You can find the New York State law under Article 15 of the New York State Constitution. It is also referred to as the New York Executive Law Section 296 or McKinney's Executive Law Section 296.


New York City Human Rights Law

The New York City law protects against an even wider range of employment misconduct than either the federal or New York State law, including protecting against discrimination, harassment, and retaliation based on citizenship status, physical/mental disability, arrest record, and victim status (of offenses such as domestic violence and stalking). As with the State law, the New York City law also bars discrimination based on sexual orientation.


The New York City law against discrimination, harassment and retaliation also has one of the broadest anti-retaliation provisions of any law in the United States. In order to have a claim of retaliation under the New York City law, an employee must complain about workplace discrimination or harassment based on pregnancy, age, race, gender, sex, national origin, disability or other legally protected classification. The employee need have only a good faith, reasonable belief that he or she is being discriminated against; proof that such discrimination actually existed is not required.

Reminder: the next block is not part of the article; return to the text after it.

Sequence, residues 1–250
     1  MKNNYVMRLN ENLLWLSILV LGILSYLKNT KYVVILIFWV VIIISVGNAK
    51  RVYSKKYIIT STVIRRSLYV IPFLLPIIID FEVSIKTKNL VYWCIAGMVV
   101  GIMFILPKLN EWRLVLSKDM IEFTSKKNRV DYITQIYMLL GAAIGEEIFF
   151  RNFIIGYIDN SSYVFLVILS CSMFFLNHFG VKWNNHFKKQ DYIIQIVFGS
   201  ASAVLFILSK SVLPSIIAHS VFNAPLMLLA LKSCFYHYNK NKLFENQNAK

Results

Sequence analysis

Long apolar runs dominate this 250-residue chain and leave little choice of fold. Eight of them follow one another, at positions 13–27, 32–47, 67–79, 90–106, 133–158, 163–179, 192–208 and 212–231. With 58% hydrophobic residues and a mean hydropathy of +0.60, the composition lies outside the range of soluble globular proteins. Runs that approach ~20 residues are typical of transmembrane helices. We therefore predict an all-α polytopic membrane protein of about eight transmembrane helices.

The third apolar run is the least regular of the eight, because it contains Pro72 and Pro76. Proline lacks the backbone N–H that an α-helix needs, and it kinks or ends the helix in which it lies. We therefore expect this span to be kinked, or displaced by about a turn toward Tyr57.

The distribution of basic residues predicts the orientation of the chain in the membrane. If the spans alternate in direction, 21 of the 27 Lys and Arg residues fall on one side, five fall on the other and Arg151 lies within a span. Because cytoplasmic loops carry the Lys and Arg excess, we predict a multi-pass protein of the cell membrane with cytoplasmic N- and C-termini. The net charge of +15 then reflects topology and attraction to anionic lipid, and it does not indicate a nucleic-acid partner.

For more details, contact our office to speak to an experienced NYC employment lawyer about wrongful termination, workplace discrimination, harassment, or retaliation under New York or federal law.


Q: What remedies are available to me in New York for employment discrimination, workplace harassment or retaliation?

Under the New York State law (the "New York State Human Rights Law" or "NYSHRL"), victims of workplace discrimination, harassment or retaliation may receive compensatory damages, including back pay and emotional distress -- and, unlike the federal law (Title VII), there is no statutory limit or cap on the amount of compensatory damages that you may receive. The New York State law may also entitle you to reinstatement of your employment. Punitive damages and attorney's fees or costs, however, are not recoverable under the New York State Human Rights Law.


Under the New York City Human Rights Law ("NYCHRL"), there is also no statutory limit on the compensatory damages that you may receive. Punitive damages and reasonable attorney's fees and costs to the prevailing party are available under the NYCHRL, as are reinstatement, back pay and front pay.


Q: How much time do I have to file an employment discrimination, harassment and/or retaliation claim under Federal law?